Prior to the penalty being announced, Martin addressed the situation in the press conference. “I got the holeshot and rode good for a little bit. Then I saw the boys behind me! The track was pretty tricky, I’m not going to lie. I had a couple sketchy moments out there. I saw Luke [Renzland] was in second. I kind of looked around. I kind of just was trying to maintain it. I had a couple close calls out there. But we were able to lead from start to finish and have a good race.” After the race, Martin was protested for jumping on a red cross flag. Upon review, he was docked seven points for going 1-2 on a triple. Martin commented on the incident by saying, “From my perspective, I came around the turn and I didn’t see the medic flag waving. I saw the lights on the triple. I’m like, ‘I think those are red.’ So I rolled the face of it, and then I looked and saw that the area was clear and there was no medic flags after that, and then I doubled it. It was an honest mistake. There’s not much to say other than that.”
Monster Energy Kawasaki's Adam Cianciarulo came from an eighth-place start to finish second. “That was fun!” Cianciarulo said in a team statement. “There were a lot of great riders from both East and West Coasts out on the track tonight, so to finish second makes it that much sweeter. We continued to improve throughout the night and I fought hard to get on that podium.”
He also said in the press conference, “It felt like a long time tonight, especially the lap time was so short. For me, I always struggle coming off these races and really remembering what happened. The first couple laps was just kind of a blur to me, honestly. Somebody almost landed on me over that little double before the mechanics’ area. I rolled the triple on the first lap. I’m probably five out of seven rounds rolling the triple on the first lap, so that feels good to still be alive. So, after I got through the first lap, I think I was right behind Joey and made a pass on him before the finish line. Especially with these guys in the East/West Shootout [the 250SX East/West Showdown], I really wasn’t looking too far ahead. I didn’t know how many people were ahead of me. I was just focusing on getting the guy that was directly ahead of me. By the time I got behind Jordon Smith, I was in fourth. I kind of realized that. I got around him and just tried to catch Luke and was able to get him at the end. I felt good. It was probably my best ride of the year. Just kind of focused on myself. The start wasn’t the best. The first couple laps weren’t great, but I think we made the best out of it.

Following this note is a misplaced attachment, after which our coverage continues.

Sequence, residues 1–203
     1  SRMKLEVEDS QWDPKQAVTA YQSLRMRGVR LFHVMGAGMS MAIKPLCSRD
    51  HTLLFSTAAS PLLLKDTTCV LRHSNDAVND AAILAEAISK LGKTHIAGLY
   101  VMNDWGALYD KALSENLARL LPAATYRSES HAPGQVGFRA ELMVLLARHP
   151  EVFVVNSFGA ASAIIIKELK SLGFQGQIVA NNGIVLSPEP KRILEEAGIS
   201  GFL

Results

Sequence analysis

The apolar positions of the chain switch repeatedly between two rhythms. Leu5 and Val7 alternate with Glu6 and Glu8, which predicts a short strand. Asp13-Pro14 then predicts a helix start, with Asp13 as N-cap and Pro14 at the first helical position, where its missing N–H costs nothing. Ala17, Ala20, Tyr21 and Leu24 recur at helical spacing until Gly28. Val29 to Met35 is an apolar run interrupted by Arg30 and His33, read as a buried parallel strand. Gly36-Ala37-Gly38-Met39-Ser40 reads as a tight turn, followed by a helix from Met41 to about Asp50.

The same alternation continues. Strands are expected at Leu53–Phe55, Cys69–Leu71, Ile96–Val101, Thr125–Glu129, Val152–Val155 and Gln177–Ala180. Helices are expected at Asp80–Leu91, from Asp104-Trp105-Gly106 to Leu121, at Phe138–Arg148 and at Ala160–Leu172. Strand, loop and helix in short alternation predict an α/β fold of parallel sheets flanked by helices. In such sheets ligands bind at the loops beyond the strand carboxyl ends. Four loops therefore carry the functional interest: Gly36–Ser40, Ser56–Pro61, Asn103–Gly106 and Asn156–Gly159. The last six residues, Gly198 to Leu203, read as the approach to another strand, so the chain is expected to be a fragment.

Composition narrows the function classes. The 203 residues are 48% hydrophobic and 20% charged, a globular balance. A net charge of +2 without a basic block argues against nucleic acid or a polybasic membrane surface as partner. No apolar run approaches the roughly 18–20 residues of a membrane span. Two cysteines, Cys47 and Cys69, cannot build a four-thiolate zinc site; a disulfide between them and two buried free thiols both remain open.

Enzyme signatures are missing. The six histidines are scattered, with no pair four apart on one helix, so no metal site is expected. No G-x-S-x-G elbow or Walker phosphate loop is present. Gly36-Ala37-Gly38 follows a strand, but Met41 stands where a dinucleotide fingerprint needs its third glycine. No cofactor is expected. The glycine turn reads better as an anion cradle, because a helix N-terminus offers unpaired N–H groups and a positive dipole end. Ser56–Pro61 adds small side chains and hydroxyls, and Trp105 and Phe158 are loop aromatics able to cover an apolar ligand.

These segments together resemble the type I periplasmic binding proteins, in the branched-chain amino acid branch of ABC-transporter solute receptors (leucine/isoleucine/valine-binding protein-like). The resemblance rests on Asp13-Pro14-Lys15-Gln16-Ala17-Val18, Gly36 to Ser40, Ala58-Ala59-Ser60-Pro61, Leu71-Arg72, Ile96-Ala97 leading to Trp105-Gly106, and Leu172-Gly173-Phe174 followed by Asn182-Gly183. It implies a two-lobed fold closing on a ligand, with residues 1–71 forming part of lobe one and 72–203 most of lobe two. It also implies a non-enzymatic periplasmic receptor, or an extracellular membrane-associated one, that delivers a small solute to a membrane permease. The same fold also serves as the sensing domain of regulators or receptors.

Traders Racing Yamaha’s Luke Renzland surprised many when he ran most of the race in second behind Martin before being passed by Cianciarulo at the end of the race to finish third. His third place finish marked his first career 250SX podium. “I really wasn’t expecting this [to be on the podium] at this one. With the East and West combined, this is obviously the most stacked the field has been all year for us. So, honestly, all I’ve been working on during the week is just doing start after start—it’s been my Achilles heel this year. Finally, I executed what we’ve been working on from the far outside gate and got out in front and made one quick pass early and really tried to ride my own race.”